Publications / Financial Services

19 Jul 11
Watershed decision relating to responsible entity's power to amend constitution

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Key points

A recent decision of the Federal Court of Australia further clarifies, and potentially significantly limits, the circumstances in which a responsible entity of a registered managed investment scheme can rely upon section 601GC(1)(b) Corporations Act 2001 (Cth) (Corporations Act) in order to unilaterally amend a scheme constitution. Section 601GC(1)(b) enables a responsible entity to amend a scheme constitution without member approval where the change does not adversely affect members’ rights.

In Premium Income Fund Action Group Incorporated v Wellington Capital Limited [2011] FCA 698, Justice Gordon held that members’ rights for the purpose of section 601GC(1)(b) are the contractual and equitable rights conferred on unitholders by the constitution. Consequently, the scope of what constitutes ‘members’ rights’ are extremely broad and essentially encompass all powers, rights and obligations contained in the scheme constitution.

The facts

The case concerned a challenge to amendments made to the methodology for calculating unit prices in the constitution of the Premium Income Fund (PIF) which had been authorised by the responsible entity, Wellington Capital Limited (Wellington).

In two separate deed polls, Wellington sought to:

  • amend PIF’s constitution in order to allow it to issue units at an issue price not less than the 90 day volume weighted average price (VWAP) at which units in PIF were traded on the NSX, and
  • then to amend the constitution to enable it to issue units at an issue price representing a discount of up to 5% to the 30 day VWAP of units traded on the NSX.

Wellington then placed units to an investor at 10 cents per units. At that stage, units had been thinly traded on the NSX at about 8.1 cents per unit, being less than 25% of their net asset backing.

Following the placement of units, Wellington announced that it proposed to undertake a rights issue under which units would be offered to existing investors at a discount to their net asset value, in accordance with the amendments to the PIF constitution made by Wellington.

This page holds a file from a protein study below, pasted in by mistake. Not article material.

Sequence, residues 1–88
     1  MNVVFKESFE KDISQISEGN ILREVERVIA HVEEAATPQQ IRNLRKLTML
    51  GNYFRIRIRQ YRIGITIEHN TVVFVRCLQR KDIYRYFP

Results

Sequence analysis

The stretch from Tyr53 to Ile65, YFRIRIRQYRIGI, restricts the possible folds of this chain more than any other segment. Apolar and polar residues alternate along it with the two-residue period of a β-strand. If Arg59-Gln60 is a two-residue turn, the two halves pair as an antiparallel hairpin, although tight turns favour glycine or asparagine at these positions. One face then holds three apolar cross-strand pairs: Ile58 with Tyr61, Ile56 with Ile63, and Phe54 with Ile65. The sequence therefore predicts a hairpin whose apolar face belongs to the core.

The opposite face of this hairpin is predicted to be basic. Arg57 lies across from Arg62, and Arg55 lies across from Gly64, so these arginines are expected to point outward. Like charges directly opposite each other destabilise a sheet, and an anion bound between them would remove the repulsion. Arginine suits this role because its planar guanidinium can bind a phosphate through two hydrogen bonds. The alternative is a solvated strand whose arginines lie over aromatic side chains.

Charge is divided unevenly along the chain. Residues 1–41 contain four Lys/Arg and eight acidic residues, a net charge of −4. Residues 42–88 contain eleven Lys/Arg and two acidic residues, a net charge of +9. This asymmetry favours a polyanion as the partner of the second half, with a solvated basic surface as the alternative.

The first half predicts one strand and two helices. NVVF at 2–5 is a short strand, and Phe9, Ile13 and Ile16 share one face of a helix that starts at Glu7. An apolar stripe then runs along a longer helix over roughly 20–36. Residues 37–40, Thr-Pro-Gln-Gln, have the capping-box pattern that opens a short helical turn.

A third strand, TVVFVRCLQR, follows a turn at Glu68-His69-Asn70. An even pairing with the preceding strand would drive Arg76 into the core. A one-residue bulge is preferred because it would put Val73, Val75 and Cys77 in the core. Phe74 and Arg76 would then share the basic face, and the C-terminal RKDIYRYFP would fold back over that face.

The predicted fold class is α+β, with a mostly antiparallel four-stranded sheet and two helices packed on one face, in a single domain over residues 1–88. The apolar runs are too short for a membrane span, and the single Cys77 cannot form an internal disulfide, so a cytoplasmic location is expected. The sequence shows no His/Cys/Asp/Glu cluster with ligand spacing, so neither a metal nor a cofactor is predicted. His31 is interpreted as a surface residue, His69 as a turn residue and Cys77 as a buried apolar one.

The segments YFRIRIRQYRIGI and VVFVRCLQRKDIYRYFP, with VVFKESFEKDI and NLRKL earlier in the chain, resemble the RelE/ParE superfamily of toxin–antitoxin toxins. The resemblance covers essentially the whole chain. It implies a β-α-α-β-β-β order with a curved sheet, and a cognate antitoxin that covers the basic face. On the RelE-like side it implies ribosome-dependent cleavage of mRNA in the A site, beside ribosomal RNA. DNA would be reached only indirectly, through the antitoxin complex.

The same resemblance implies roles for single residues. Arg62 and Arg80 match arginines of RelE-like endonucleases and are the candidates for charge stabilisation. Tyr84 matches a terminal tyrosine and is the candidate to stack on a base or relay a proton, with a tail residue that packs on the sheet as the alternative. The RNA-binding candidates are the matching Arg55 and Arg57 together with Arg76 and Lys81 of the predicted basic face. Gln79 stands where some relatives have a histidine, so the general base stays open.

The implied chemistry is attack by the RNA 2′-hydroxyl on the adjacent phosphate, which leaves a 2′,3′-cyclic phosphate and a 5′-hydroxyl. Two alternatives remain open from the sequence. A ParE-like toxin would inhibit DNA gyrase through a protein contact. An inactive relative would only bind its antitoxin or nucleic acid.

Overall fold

PIF Income Fund Action Group Incorporated (PIF Action Group) sought an injunction to prevent Wellington from undertaking the rights issue and sought a declaration that the placement of units was invalid on the basis that Wellington’s unilateral amendments to the PIF constitution to facilitate the issue of units at a discount contravened section 601GC(1)(b) Corporations Act.

The law - the ING case

Before this decision, the most authoritative case on section 601GC(1)(b) was the ING Funds Management Limited v ANZ Nominees Ltd [2009] NSW SC 243 (ING).

Justice Barrett's judgment in ING, endorsed by Justice Gordon in this case, provides a formula for any responsible entity considering making amendments to a scheme’s constitution under section 601GC(1)(b). The formula is:

  • identify members’ rights
  • undertake a comparison of members’ rights before the modification with the changes to rights that would exist after the modification, and
  • then reasonably consider whether there would be any adverse affectation of the members’ rights.

The key issue in this case was the question of what constitutes members’ rights. Wellington argued the provisions relating to the calculation of the issue price of units was not a right of members for the purposes of section 601GC(1)(b). The PIF Action Group contended that the requirement to have the issue price of units determined in accordance with the PIF constitution was a ‘member’s right’.

What are members’ rights